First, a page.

As I work on my new collection of short stories: Swing Shorts (look for release in late 2017 or early 2018), I came across this short story I’d written. Since temperature across the country are hitting the 100s and higher, I thought this the perfect start of summer blog posts. I’ve used Phoenix as my hot spot, but feel free to insert Austin, Dallas, San Diego, Miami, Oklahoma City, Salt Lake, Las Vegas, or Kansas City, any town that makes you wilt before you start:
Hot Summer Swing Heatwave
Sweat drips down my ass crack, surprising me that I’m sweating so much. I never sweat. I glow. I even perspire sometimes, but sweat, not me. I’m usually good at regulating my body temperature. Not tonight, tonight I’m dripping. The back of my neck feels like I poured water over it. Rivers of sweat course down the back of my thighs, carving rivers and canyons, tickling the back of my knees and pooling into my vintage shoes.
Never again, will I come to Phoenix in the summer. I must really love my niece, or Lindy Hop, or dancing to put myself through this. My face is as red as my garden tomatoes.
Me and Marilyn
I stand in front of the fan, trying to regain some composure. My smile twitches the corners of my mouth as I pull a Marilyn Monroe with my vintage skirt. Thank God I wore cotton and not rayon—cotton is much easier to launder.
I flap my skirt at the fan one more time and glance around the room for my next quarry, my next sweat buddy.
My next victim finds me. I am definitely the victim. His button-down shirt is soaked with sweat and his thinning hair is plastered to his head like a blond Hitler. He dances a crazy Ballroom Jive and I thank God—for the second time tonight–that I never took up Ballroom dancing. I like the way Fred and Ginger ballroom danced, but there’s gotta be a social level of this dance that looks like the classic couple, though I’ve yet to experience it with any ballroomers. This guy is all sharp angles and poses.
For the Love of Fred and Ginger
His lead is actually good and solid, but the moves are weird and don’t really go with the music. He’s all hands, hands, hands, and pretzel arms. I hate the Pretzel move. He rock-steps, pauses, and windmills his arm around like a big league pitcher. My brain melts into putty, and I have trouble relaxing into the dance. I try to find the joy in the challenge of the unfamiliar, but it’s too odd. And too hot for thinking so hard.
With all the swing dance contests and international classes, will my beloved Lindy Hop become as homogenized and exaggerated as ballroom dance has become? Is that the future of anything that becomes commercialized? Has Lindy already funneled down this path?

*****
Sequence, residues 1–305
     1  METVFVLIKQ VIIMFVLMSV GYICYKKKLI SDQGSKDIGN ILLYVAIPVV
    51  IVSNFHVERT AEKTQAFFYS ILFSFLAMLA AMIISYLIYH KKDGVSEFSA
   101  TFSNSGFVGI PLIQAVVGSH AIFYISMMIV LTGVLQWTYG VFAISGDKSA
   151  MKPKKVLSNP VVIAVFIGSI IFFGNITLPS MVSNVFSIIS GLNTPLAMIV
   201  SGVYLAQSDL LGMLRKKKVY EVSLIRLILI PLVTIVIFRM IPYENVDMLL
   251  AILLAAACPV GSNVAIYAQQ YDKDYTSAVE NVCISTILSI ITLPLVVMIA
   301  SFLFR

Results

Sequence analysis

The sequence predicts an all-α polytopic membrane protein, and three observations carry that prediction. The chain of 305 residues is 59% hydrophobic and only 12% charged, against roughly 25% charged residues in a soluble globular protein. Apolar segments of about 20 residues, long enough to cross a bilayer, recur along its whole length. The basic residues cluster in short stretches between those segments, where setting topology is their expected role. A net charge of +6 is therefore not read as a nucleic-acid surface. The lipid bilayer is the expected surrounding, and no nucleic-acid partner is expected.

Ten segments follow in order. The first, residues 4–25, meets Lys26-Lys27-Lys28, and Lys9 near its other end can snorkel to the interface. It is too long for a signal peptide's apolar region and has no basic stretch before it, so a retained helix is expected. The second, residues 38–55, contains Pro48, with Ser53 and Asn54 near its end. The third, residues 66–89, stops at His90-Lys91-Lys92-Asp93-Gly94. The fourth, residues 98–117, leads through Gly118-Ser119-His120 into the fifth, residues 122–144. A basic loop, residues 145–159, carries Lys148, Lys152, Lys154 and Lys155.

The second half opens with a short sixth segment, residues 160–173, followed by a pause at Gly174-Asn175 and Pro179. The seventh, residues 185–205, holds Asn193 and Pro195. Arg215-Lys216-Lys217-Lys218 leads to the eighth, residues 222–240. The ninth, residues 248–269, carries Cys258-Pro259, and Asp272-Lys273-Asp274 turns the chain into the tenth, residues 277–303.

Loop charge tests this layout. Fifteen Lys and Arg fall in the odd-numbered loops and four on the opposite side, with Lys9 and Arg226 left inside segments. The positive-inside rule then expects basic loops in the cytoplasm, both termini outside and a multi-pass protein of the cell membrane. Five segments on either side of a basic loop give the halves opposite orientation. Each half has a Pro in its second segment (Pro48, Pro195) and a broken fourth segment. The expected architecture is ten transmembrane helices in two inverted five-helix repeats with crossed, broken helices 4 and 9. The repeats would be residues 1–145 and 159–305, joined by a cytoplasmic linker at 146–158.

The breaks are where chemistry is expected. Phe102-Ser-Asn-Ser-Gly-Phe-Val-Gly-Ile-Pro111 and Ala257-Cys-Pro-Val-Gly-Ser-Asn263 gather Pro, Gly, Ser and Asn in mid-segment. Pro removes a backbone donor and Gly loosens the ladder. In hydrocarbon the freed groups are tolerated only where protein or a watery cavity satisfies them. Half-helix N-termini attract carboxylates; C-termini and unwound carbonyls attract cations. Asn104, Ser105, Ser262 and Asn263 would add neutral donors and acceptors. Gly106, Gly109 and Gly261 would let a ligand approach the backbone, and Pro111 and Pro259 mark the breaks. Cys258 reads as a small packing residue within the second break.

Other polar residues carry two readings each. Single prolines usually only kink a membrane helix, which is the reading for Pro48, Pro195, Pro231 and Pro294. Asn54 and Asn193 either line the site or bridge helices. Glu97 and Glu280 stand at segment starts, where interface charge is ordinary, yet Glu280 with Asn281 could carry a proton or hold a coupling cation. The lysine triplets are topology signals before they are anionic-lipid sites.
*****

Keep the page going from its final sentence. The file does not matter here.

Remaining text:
I dance with another guy, cute, young, sideburns, stocky and a good fit in all the right ways. His lead is good, and his moves, not quite Lindy, are not really East Coast Swing, either. Maybe this is the new breed of swing dance that comes from too much amalgamation? I go with it, but yearn for a hot and fast swing-out with a solid three and four.
I finally find my solid swing-out in three fellas, Mike, Dabney, and Tucson John. All different leads, but all good and fun. And it feels like swing. It feels like Lindy. It feels like love.
Dabney’s turn-of-the-century curling mustache gives him a permanent mischievous look. I do the best I can to keep my hands from slipping and my feet from sloshing around in my shoes. My mind dribbles into a boiling ocean as I try to keep up with the sparse, lanky man.
My follow skills feel a little delayed, maybe a quarter beat behind. The energy slips away with my sweat. Dabney grabs on and sends me out into sharp, snapping whips, just the way I like it. I only hope I don’t disappoint in my fizzled sizzle.
Mike feels like someone I’ve danced with for years, but I haven’t. I can’t figure it out, but I relish the homey feeling he provides. His coffee skin sparkles with a clean sheen. I stare into his warm brown eyes and find them smiling. Everything he does feels like butter—melted butter right now—but good, sweet butter. He dances us over to the fan, turning me in double spins. The air rushes under my skirt and cools my warm thighs.
Tucson John—that’s how I remember his name, he’s from Tucson—looks like he time-traveled from 1960s Manhattan. His horned-rimmed glasses frame his thin face, and his crisp crew-cut reminds me of pictures of my dad as a young man. John has a subtle Balboa bounce, and his 20’s Charleston is divine. As we dance, he throws more and more moves at me, ever complicated. I glide and tuck my hips under me, pulsing on the balls of my feet. His arm muscle twitches below my fingers. Most of his leads I catch, but some of them smear, sliding off my boiling brain. I struggle to keep up.
The three fellas try to convince me to stay an extra day and make one more dance venue the following night. I’m flattered and could dance with them to world’s end without becoming bored. They try to sway me with a promise of good old-fashioned, air-cooled refrigeration. I’m not entirely convinced that air-conditioning will hep my jive, and I very much miss my own home and my local love.
I opt not to stay, but take the memory of my hot summer heatwave home with me.
Have you ever danced anywhere too hot to dance? What kind of vintage do you prefer to wear in hot weather? What’s your favorite hot city to dance in? Do you have any suggestions for dancing in the heat?
Tam Francis is a writer, blogger, swing dance teacher, avid vintage collector, and seamstress. She shares her love of this genre through her novels, blog, and short stories. She enjoys hearing from you, sharing ideas, forging friendships, and exchanging guest blogs. For all the Girl in the Jitterbug Dress news, give-aways, events, and excitement, make sure to join her list and like her FB page! Join my list ~ Facebook page